For almost 800 years, history has blamed black rats for causing the catastrophic outbreaks of the bubonic plague in 14th-century Europe. They were long thought to have carried diseased fleas that jumped to -- and then infected -- more than 100 million people. But now, researchers have named a different furry creature as the Black Death culprit: gerbils. "If we're right, we'll have to rewrite that part of history," University of Oslo professor Nils Christian Stenseth told BBC News.
A study recently published in the Proceedings of the National Academy of Sciences journal found that climate conditions weren't right for rats to have spread the outbreak. Rats would have needed warm summers with little rain in order to thrive, Stenseth said, but data showed no relationship between spikes in plague cases and the weather.
Tree ring records indicate that Europe saw plague outbreaks whenever Central Asia had wet springs and warm summers. Those were great circumstances for rapid gerbil growth. "It means a high gerbil population across huge areas, and that is good for the plague," Stenseth told BBC News. He added, "We show that wherever there were good conditions for gerbils and fleas in Central Asia, some years later the bacteria shows up in harbor cities in Europe and then spreads across the continent."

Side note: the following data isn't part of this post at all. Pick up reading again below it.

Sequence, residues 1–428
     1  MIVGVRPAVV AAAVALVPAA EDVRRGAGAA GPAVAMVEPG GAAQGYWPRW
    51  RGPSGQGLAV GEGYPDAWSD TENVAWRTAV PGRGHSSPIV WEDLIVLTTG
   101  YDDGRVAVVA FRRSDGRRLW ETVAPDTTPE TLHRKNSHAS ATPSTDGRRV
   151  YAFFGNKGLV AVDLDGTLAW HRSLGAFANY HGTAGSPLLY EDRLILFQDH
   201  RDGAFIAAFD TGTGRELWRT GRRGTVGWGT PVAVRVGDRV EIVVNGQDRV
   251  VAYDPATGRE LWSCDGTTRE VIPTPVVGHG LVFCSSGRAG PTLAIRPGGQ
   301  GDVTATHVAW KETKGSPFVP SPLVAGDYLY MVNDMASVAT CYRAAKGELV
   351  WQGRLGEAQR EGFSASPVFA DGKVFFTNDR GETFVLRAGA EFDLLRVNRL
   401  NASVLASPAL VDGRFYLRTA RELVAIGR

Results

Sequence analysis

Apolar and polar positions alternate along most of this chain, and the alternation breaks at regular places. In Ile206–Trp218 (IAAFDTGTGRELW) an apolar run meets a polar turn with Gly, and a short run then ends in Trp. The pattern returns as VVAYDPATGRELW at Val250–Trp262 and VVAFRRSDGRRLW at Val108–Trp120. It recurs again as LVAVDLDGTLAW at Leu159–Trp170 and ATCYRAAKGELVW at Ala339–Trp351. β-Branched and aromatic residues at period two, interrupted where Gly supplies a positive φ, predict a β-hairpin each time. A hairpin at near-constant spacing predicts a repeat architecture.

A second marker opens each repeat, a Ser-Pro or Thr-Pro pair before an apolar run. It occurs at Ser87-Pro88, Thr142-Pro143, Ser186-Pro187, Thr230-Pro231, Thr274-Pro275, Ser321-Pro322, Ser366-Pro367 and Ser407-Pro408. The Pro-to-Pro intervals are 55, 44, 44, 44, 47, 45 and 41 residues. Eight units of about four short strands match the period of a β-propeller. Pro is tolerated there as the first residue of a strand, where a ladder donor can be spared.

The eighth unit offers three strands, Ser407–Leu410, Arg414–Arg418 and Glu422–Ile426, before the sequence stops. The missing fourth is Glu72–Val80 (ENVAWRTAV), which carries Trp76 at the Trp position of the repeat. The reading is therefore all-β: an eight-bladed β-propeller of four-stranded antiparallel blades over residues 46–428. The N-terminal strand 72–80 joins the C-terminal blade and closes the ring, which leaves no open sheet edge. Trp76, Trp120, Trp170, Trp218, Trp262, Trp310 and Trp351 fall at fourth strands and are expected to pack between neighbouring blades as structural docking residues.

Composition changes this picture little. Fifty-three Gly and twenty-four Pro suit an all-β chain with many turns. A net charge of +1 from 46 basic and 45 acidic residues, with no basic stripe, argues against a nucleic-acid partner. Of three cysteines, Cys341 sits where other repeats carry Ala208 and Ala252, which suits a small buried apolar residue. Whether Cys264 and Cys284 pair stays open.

Thriving rodents that had fleas with the plague bacteria, Yersinia pestis, would cross into Europe on the Silk Road. They were in a prime position to "wreak epidemiological havoc" until the 1800s, the Washington Post reported.
The discovery of the gerbil population's dependence on Asia's weather also may have solved the mystery of why the plague came in waves. Stenseth said his team will work to confirm this theory by checking their findings against DNA from victims' skeletons.
Although the black plague has mostly died out, about 780 people worldwide still contracted the disease in 2013, according to the World Health Organization. The three most at-risk countries were Madagascar, Peru and Congo.